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Finding Measure

It was once stated that a person’s body is the proper measure of their property, as the foot is used to measure a shoe. Although this philosophical musing is from ancient times, it continues to have validity in the 21st century, particularly when discussing residential architecture. There is a common tendency to focus on the square footage of a home to gauge its level of comfort, luxury and value. However, the one true measure of these factors is in how the building meets the needs of the people who use it.

Some feel the need for a large home, while others are happy in a modest one. Some families are likely to outgrow their existing homes, while others may have only a small piece of land to build on.

Architects charged with designing homes should understand these issues well.  As the primary professionals in the design and construction process, they need to find a balance between their client’s desires and budget, environmental factors, and the limitations and possibilities of the site or the existing building.

They need to look into the future, to anticipate the home’s expansion requirements and capabilities, its future resale value and its long-term storage ability.  Whether you are retrofitting your home, or building a brand new one, you can personalize and customize your project by using a professional design team that can offer innovative designs, which are highly detailed and imaginatively conceived, regardless of size.  

Investing in design
With material and labour costs on the rise, it pays to consider your space requirements very carefully. A more modest-sized building project will help to minimize construction costs and allow you to focus your money and attention on the detail and finishes.

A truly comfortable and sustainable home may not need to be as big as you might first imagine. A well-designed house can be around a third smaller than you thought you needed, with all its spaces used every day rather than only occasionally. With a focus on quality, rather than quantity, and building better, not bigger, the result can be a home with character and human scale that is filled with special details which will encourage its owners to care for it and make it their own, to last for generations.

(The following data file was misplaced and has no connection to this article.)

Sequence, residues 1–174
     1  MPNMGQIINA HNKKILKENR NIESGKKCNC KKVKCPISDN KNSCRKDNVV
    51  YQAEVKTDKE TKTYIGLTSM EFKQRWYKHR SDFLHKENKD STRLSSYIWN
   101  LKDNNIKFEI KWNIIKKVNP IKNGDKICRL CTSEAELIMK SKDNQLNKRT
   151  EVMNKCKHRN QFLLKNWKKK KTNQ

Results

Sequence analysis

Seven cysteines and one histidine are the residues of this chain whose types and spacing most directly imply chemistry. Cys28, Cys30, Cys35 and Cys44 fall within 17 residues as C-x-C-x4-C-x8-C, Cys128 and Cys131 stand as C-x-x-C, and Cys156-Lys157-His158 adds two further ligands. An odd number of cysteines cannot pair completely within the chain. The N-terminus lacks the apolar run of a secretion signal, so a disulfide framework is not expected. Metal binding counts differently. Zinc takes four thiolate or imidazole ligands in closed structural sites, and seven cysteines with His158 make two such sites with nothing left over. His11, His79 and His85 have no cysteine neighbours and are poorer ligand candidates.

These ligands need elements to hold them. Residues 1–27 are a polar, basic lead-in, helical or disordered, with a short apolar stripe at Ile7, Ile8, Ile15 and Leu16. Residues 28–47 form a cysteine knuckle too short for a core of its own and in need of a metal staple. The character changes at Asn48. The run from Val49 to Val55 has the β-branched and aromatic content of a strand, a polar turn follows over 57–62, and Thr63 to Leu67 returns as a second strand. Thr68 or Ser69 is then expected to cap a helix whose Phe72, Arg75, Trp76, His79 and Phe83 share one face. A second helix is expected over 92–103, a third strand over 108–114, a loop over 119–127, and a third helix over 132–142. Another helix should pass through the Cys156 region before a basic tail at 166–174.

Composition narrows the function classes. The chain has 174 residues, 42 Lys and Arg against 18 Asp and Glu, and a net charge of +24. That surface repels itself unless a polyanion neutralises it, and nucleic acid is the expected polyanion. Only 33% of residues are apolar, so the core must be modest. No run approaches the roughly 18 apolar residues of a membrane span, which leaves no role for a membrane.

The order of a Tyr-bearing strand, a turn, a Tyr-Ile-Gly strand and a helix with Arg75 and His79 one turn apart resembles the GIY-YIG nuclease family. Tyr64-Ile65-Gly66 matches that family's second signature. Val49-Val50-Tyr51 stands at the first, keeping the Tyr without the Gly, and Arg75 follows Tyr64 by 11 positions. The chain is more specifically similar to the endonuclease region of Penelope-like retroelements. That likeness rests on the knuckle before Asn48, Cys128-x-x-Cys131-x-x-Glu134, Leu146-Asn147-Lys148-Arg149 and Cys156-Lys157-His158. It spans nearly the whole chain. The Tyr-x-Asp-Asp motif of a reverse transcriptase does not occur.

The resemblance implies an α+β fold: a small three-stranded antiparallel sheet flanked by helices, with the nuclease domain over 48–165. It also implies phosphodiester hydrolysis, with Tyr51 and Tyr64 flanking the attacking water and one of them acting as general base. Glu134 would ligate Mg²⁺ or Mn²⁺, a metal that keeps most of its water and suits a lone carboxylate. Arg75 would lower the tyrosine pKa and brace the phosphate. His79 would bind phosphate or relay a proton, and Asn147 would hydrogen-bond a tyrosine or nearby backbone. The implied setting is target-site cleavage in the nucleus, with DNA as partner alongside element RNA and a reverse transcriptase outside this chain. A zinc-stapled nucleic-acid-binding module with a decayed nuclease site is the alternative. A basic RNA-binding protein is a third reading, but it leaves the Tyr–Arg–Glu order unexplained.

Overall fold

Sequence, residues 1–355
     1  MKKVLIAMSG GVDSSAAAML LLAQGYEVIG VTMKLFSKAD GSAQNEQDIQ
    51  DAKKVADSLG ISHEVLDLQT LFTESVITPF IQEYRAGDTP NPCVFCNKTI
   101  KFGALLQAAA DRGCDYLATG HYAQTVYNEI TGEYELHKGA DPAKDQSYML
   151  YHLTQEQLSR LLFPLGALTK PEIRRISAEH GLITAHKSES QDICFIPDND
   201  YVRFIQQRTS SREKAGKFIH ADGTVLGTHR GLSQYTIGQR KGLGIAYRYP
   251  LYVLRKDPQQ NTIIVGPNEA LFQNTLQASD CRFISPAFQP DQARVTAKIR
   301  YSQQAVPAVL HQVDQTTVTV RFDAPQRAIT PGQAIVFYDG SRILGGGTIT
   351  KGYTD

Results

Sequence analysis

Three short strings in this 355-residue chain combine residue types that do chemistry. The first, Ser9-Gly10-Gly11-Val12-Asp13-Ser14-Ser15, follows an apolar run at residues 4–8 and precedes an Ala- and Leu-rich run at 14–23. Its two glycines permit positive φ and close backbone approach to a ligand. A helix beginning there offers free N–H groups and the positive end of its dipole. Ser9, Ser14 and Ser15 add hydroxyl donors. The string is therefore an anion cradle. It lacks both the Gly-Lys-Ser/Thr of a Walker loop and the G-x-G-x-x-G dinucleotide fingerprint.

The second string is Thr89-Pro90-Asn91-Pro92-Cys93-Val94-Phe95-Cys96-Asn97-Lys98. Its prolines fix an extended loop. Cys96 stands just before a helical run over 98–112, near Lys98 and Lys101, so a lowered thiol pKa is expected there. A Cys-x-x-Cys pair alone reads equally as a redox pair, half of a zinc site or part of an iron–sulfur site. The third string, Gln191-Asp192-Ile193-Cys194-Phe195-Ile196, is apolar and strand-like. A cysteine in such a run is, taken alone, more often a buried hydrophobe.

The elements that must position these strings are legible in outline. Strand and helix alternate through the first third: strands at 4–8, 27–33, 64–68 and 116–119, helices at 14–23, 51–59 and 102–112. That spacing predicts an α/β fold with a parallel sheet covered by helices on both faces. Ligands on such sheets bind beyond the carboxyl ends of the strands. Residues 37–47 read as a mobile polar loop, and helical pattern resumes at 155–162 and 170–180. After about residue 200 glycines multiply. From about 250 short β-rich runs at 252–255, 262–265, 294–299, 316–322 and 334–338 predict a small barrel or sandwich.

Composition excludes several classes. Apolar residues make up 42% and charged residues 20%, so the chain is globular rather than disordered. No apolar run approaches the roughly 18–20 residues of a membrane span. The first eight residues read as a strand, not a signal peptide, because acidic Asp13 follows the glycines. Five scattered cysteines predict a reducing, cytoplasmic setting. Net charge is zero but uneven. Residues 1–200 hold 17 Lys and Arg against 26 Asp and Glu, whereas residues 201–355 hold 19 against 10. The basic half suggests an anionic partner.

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Beginning at the drawing table, an architect can help in many ways to make your home more efficient and interesting. For instance, one of the most enduring and popular design trends is the move away from formal and separate living rooms. By integrating and linking dining, kitchen and living spaces, these can become the main place for family or friends to gather. In our Caribbean environment, we are fortunate that our homes can be opened up, allowing us to reduce the size of the rooms, increase the size of windows and doors, and let the indoors flow into the outdoors. Large terraces and balconies can become the most used living spaces, and indoor spaces can feel bigger through their seamless connection with the outside.

By linking spaces creatively, an architect can reduce the amount of wasteful and unnecessary circulation space.  An apparently simple decision about where to locate the entrance door and staircase can dramatically eliminate wasted space. Careful thought and attention to detail can help to create useful storage areas, which will help to reduce clutter. An additional room can be incorporated in the roof space, creating a mezzanine, which can double as a study, office or sleeping space.

Further ways to achieve beauty and character can be found in the finishes and furnishings in your home. Doors, cabinets, hardware and finishes should be carefully selected in order to have complete control over the final product as well as the added confidence that your choices will stand the test of time.

How do I get started?
Whether you are looking to maximize your home’s potential for personal use, or to increase its value in today’s competitive real estate market, recruit the help of a professional design team. Designing with quality is a specialized discipline, and is dependent on the skill of the architect, the capabilities of the builder, the availability of materials and the experience of the subcontractors. With their tricks of the trade, the team can design a house that fits your lifestyle and budget.
    
Steve Fox is the Managing Director and Senior Architect of OBM International’s British Virgin Islands office. He is a Leadership in Energy and Environmental Design (LEED) accredited design professional and co-founder of the BVI Sustainable Living Network.

ABOUT OBM:
For more than seven decades, OBM International has been the premier full-service design-consulting firm in Bermuda and the Caribbean.  Today, with nine multinational offices, projects throughout the world and a diverse team of experts, OBM is a global leader in luxury hotel/resort design development, architecture, master/town planning and interior design, with landmark projects in the Caribbean, the Americas, Europe and the Arabian Peninsula.

OBM has design offices located in Antigua, Bermuda, British Virgin Islands, Cayman Islands, Madrid, Miami, Trinidad and Tobago and Turks & Caicos Islands, a strategic alliance in the Bahamas, and a business development office in Bath (UK).
 

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